Having come to the termination that states do observe international law and will usually merely disobey it on a subject regarded since imperative to their interests, the question arises as to the basis of this sense of compulsion. The nineteenth century, with its business-oriented thinking, worried the consequence of the agreement, as the legal basis of an agreement liberally entered into by both sides, and this partial the theory of approval in international law.

States were sovereign, and free agents, and therefore they could only be hurdle with their own sanction. There was no power in existence able hypothetically or practically to inflict rules upon the assorted nation-states. This advance found its extreme appearance in the assumption of ‘auto-limitation’ or ‘self-limitation’, which declared that states could only be grateful to observe with international legal rules if they had first agreed to be so thankful. Yet, this theory is most unacceptable as an account of why international law is regarded as required otherwise smooth as a clarification of the international legal system.

To give one example, there are about 100 states that have appear into existence since the end of the Second World War and by no elongate of the thoughts can it be said that such states have consented to all the rules of international law formed prior to their institution. It might be argued that by ‘accepting independence’, states assent to all existing rules, but to take this view relegates consent to the role of a meager invention.

This premise moreover fails as a plenty clarification of the international official system, because it does not take into account the marvelous growth in international institutions and the network of system and regulations that have emerged from them within the last cohort. To accept consent as the basis for compulsion in international law begs the question as to what happens when permission is withdrawn. The state’s reversal of its agreement to a rule does not render that rule elective or remove from it its aura of legality. It merely places that state in contravene of its obligations in international law if that state earnings to act upon its choice. Certainly, the standard that agreements are compulsory (pacta sunt servanda) upon which all treaty law must be based cannot itself be based ahead consent.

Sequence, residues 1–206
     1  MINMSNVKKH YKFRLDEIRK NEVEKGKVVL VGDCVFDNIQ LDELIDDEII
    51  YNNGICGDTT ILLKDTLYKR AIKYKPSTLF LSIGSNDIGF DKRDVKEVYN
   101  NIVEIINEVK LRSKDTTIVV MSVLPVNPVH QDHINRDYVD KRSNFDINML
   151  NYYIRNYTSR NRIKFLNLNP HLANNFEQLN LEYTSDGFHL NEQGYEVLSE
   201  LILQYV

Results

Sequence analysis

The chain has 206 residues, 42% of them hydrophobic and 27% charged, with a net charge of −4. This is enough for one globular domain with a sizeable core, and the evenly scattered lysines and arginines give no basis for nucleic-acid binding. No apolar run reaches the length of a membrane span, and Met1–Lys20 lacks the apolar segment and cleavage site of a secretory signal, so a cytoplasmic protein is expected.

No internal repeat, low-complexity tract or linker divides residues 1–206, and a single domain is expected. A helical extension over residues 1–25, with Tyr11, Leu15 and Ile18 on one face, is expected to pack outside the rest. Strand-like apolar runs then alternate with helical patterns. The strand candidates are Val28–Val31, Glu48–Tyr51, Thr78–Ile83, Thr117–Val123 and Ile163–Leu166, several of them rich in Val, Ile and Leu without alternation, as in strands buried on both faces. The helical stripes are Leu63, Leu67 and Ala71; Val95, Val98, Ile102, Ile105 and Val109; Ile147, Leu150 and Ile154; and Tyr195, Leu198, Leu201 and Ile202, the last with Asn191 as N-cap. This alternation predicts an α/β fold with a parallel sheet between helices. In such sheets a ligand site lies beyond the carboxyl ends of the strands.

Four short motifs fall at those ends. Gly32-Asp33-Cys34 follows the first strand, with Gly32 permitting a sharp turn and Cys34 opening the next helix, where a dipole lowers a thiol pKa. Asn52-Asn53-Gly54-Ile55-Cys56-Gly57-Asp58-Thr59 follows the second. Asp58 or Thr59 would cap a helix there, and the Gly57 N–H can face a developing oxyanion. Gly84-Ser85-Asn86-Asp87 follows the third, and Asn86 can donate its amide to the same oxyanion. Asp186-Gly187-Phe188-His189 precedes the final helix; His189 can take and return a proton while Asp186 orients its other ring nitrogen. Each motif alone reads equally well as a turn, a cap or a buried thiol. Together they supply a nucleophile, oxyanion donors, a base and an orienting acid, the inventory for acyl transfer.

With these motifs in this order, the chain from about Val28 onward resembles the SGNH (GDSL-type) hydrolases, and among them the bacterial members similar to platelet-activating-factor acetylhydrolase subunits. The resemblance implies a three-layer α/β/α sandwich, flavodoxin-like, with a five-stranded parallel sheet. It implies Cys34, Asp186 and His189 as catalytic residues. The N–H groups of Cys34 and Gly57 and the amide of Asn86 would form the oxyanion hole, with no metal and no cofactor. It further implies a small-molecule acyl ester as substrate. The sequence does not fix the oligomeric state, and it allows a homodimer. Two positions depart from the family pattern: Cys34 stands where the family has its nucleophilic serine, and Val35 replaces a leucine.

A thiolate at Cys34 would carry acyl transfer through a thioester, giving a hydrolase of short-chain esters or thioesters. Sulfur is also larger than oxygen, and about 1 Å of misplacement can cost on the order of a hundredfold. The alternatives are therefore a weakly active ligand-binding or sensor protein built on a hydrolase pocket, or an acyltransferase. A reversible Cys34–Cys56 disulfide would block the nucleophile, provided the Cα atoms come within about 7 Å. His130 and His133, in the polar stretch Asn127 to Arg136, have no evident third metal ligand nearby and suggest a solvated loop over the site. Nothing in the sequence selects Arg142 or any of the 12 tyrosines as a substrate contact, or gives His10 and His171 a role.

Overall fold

One existing approach to this difficulty is to refer to the principle of accord. This reflects manipulate of the mainstream in creating new norms of international law and the reception by other states of such new rules. It attempts to put into focus the change of importance that is commencement to take place from exclusive concentration upon the nation-state to a deliberation of the developing forms of international co-operation somewhere such concepts as consent and sanction are scarce to explain what is happening.

Of course, one cannot ignore the role of consent in international law. To identify its limitations is not to abandon its significance. Much of international law is constituted by states expressly supportive to specific normative standards, most perceptibly by entering into treaties. This cannot be minimized. Nevertheless, it is preferable to consider consent as important not only with regard to specific rules purposely established, which not the sum total of international law is. The light of the approach of states usually to the totality of rules, understandings, patterns of actions and structures groundwork and constituting the worldwide system. In a broad sense, states recognize or consent to the general system of international law, for in reality without that no such system could possibly function.

CTBT, Entry into force: US (The Status of CTBT):

Few years ago, the United States decided to pursue a “zero-yield” Comprehensive Nuclear Test Ban Treaty (CTBT).Its opening the way to the successful completion of consultation and the approval of the treaty here at the United Nations in September 1996.

The CTBT is the creation of decades of hard work, dedication, and advocacy by key legislative leaders and conceivably even more importantly, by NGOs, scientific experts, and millions of regular people around the world. They have long unstated that ending nuclear testing is essential for three powerful reasons: to hamper the development of new types of nuclear warheads and reduce dangerous nuclear arms rivalry; to obstruct the appearance of new nuclear powers; and to prevent further wreckage of human health and the global environment.

Article XIV of the CTBT requires that a precise list of 44 states must endorse before the accord formally enters into force. Sadly, a relatively small but important set of CTBT scoundrel states stand in the way. The failure of the U.S. Senate to give its advice and consent for ratification in 1999, the current administration’s hostility to the treaty, and the reluctance of 10 other key states to approve the treaty means that the formal entry into force of the treaty is still years away.

To keep the chances for U.S. ratification and CTBT entry into force alive, it is also vital the international community not discard the goal of CTBT entry into force and that key governments continue to press publicly and secretly for the CTBT at every opportunity, together with this Article XIV Review Conference.